V V C M
Vector Vorticity Cloud Model is a three-dimensional anelastic model that has been developed using the vorticity equation, which has a completely different logical structure for dynamics from the models based on the momentum equation.
VVCMIn this model, the prognostic variables of the model are the horizontal components of vorticity, potential temperature and mixing ratios of various phases of water at all heights, and the vertical component of vorticity and the horizontally uniform part of horizontal velocity at a selected height. With the use of an expression for the nondivergence of the vorticity vector, the vertical component of vorticity at the other heights is diagnostically determined. The non-uniform part of horizontal velocity at the selected height is obtained by solving the two-dimensional Poisson-type equations for streamfunction and velocity potential. The horizontal velocity at the other heights is then updated from the predicted vorticity fields and the velocity obtained at the selected height. For the vertical velocity, a three-dimensional elliptic equation is solved with prescribed vertical boundary conditions. This procedure replaces solving the elliptic equation for the perturbation pressure in the standard anelastic system based on the momentum equation. For advection of vorticity and scalar variables, the model uses a partially 3rd-order scheme. When time is continuous, this scheme is quadratically bounded. The physical parameterizations in the model include a three-phase microphysical parameterization (Krueger et al., 1995; Lin et al., 1983; Lord et al., 1984), a radiative transfer parameterization (Fu et al., 1995), a surface flux parameterization (Deardorff, 1972), and a first-order turbulence closure that uses eddy viscosity and diffusivity coefficients depending on deformation and stability (Shutts and Gray, 1994). Examples of Model Results - Cold Bubble Experiment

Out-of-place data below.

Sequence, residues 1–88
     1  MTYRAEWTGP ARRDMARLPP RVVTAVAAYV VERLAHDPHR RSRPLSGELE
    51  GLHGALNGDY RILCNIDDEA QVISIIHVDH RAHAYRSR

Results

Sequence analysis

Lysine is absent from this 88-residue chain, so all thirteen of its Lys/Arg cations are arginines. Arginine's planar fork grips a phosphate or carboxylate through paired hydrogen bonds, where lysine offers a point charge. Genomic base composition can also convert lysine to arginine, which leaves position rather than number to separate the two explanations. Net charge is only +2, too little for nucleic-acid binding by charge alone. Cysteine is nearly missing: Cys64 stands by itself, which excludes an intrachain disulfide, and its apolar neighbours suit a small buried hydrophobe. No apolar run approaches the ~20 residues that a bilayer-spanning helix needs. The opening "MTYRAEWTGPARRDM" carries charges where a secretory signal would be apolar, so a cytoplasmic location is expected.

- Vorticity Advection Test
- Warm Bubble Experiment
- Simulation of Cloud Ensembles
- VVM-Large Eddy Simulaion
- Additional test cases
VVCM was developed by a team of researchers at Department of Atmospheric Science, Colorado State University and Department of Atmospheric and Oceanic Sciences, UCLA. If you need further information, please contact Dr. Joon-Hee Jung |